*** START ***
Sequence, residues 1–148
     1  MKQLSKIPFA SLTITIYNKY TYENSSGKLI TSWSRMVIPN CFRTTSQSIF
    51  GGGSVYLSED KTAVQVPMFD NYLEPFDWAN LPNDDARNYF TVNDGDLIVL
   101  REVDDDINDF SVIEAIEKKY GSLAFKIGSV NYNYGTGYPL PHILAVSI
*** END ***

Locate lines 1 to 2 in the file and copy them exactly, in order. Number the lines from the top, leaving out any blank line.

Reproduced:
Sequence, residues 1–148
     1  MKQLSKIPFA SLTITIYNKY TYENSSGKLI TSWSRMVIPN CFRTTSQSIF